UserFrosting communicates information about errors (and exceptions, which are converted to errors) through the alert stream. This is simply a PHP SESSION variable, which contains of an array of error messages. It also contains an array of "success" messages, for when you want to let a user know that an action was completed successfully. Backend functions can directly add messages to the alert stream through the PHP addAlert function, located in models/funcs.php. These messages can then be accessed through the API page user_alerts.php, and rendered as necessary on frontend pages. Frontend pages can also add messages to the alert stream by POSTing to user_alerts.php. Once messages have been fetched from the stream, they are removed.

    Other API pages return an error code, rather than the messages themselves. This is because you may want to reload a page before displaying a message, and thus the alert stream allows messages to persist between page reloads. For example if you create a new user, you may want to reload the list of users and then display a "user successfully created" message.


    Users of your site authenticate ("log in") with a unique username and a password. Passwords are hashed via the bcrypt algorithm before being stored in the database. Since hashing is a one-way function, this provides an essential security feature in the event that your database is compromised. If an attacker managed to gain access to your database, they'll have a much harder time recovering your users' passwords from the hashes. UserFrosting also appends a 22-character pseudo-random salt to user passwords, which makes it harder for attackers to reverse engineer passwords based on known hashes. For more information, see the "Security" section.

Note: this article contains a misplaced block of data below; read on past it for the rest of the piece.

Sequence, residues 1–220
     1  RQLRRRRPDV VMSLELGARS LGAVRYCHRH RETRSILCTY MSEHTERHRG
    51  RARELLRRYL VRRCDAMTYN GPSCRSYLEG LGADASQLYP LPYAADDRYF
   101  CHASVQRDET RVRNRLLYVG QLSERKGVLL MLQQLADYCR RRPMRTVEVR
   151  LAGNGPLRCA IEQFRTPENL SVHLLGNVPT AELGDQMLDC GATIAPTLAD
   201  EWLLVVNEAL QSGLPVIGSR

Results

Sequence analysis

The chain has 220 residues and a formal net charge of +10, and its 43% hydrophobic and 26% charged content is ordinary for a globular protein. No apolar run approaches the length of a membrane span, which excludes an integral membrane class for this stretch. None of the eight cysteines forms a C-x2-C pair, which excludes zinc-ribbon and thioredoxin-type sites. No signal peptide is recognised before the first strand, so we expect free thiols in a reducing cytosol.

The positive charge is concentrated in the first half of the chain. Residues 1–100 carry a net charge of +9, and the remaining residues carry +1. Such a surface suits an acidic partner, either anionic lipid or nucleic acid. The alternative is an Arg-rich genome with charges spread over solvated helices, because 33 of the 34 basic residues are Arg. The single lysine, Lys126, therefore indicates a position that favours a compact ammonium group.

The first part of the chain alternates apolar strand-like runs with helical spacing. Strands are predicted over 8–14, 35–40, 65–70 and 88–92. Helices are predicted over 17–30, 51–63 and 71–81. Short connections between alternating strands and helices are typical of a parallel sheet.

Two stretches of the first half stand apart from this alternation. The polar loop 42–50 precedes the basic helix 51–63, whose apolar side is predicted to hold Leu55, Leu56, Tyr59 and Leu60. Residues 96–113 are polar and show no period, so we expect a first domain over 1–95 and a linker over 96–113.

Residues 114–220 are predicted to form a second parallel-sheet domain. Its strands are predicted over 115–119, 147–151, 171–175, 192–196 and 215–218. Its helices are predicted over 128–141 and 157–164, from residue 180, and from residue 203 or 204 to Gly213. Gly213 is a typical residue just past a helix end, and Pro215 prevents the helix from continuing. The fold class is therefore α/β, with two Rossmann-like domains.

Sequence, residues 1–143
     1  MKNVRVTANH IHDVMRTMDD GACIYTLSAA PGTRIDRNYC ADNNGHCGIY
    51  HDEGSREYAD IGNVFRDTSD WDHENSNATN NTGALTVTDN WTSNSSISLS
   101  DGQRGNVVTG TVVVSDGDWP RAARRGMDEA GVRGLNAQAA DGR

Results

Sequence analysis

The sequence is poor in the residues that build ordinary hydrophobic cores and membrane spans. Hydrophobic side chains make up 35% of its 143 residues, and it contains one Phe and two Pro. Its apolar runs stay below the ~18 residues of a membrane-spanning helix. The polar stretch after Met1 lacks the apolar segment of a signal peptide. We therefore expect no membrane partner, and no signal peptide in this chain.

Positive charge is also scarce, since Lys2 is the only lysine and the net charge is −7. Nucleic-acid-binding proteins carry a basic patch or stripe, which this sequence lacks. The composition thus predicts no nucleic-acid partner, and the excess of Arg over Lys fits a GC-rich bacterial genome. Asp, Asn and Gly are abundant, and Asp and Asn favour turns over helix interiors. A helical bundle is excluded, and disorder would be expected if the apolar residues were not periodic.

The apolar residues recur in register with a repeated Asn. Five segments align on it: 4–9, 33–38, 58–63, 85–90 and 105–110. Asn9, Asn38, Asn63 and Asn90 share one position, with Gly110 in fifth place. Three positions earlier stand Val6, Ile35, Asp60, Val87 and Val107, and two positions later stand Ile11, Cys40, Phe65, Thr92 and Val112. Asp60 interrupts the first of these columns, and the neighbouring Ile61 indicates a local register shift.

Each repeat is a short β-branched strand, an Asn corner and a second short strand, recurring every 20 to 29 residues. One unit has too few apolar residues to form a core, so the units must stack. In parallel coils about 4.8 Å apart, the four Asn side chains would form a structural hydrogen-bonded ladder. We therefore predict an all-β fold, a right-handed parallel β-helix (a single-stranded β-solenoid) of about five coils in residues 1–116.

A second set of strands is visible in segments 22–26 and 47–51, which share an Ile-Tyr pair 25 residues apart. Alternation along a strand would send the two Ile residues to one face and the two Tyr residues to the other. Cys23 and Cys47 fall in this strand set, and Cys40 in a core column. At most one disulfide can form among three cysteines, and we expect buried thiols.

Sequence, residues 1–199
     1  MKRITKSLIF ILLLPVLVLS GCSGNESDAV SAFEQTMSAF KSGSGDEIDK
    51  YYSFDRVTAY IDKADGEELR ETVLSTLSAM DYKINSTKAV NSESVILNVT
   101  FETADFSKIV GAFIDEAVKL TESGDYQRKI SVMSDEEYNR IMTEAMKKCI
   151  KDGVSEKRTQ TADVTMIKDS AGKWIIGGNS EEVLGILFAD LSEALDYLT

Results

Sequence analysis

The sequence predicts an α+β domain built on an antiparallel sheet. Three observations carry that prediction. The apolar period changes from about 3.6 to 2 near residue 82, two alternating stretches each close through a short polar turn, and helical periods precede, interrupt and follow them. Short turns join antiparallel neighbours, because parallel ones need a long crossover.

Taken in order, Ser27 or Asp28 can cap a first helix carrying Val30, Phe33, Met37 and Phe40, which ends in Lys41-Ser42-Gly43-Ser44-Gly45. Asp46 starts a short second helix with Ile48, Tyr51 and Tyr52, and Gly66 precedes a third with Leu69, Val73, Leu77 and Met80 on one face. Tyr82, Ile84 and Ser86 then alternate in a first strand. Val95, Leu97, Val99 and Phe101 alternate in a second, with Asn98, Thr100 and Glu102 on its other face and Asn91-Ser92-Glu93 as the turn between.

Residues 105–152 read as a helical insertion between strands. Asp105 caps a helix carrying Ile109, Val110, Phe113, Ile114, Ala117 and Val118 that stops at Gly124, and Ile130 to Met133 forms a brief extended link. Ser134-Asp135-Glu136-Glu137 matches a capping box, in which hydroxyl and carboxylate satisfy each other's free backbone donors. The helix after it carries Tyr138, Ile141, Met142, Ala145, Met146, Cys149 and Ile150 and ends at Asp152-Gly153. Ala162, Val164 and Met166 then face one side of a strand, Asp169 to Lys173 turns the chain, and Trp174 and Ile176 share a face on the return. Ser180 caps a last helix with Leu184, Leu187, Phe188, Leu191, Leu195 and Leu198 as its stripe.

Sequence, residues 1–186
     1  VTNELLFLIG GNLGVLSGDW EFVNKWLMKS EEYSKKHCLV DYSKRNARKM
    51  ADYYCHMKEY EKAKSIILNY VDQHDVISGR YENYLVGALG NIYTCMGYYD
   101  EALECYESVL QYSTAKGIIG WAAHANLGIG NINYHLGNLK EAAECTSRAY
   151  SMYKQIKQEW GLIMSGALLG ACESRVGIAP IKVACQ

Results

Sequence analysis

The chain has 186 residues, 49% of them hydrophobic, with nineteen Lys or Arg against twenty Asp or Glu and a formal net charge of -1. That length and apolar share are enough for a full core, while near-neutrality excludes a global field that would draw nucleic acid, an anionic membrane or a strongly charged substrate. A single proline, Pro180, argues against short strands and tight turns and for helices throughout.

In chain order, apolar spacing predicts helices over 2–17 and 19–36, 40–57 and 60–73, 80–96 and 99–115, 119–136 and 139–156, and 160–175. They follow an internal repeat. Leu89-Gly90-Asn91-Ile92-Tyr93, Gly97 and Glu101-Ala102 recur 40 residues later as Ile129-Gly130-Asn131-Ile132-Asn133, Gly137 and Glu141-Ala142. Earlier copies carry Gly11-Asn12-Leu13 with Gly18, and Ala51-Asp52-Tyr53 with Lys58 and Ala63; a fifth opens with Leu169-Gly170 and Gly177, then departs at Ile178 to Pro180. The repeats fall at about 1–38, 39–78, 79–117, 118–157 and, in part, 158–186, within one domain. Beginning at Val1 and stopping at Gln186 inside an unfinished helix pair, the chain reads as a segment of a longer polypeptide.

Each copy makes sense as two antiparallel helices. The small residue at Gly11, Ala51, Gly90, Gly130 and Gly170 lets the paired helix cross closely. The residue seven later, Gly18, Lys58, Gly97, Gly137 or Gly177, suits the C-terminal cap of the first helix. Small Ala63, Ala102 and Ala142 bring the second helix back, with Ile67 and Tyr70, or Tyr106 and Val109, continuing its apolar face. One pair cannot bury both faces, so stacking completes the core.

UserFrosting can also be configured to allow logging in with the user's email address instead of their username. This makes it a little easier for your users, since they don't have to remember an additional piece of information. However email addresses are by definition public pieces of information, making them slightly less secure than a username, which could be kept secret. This is a tradeoff you must consider based on the purpose and target audience of your site.

    UserFrosting provides a password recovery mechanism in the event that a user forgets their password. After specifying their username and email address, a user will be emailed a one-time password reset token that allows them to choose a new password. Reset tokens expire after a certain period of time. The default is 3 hours, but this can be changed in "site settings."



    Once logged in, different users can be given permission to access different resources (such as pages) and perform different actions. For example, you might want to allow a customer the ability to change their avatar image or password, but not their current balance. Or, you might want to allow one user to send a message to another user, but only if they belong to the same group. This is known as authorization.

    The most common way that authorization is implemented is through an ACL (access control list). In this scheme, every object (files, database entries, etc) in your system is stored along with a list of users and the actions they may perform on that object. For example, an ACL entry might say that user Alice has permission to read and update other users' information. If you wanted to limit Alice's access only to certain profiles, you'd need a separate entry in the ACL for each user she can access ("Alice can read and update Bob's profile information", "Alice can read and update Carlos' profile information", etc).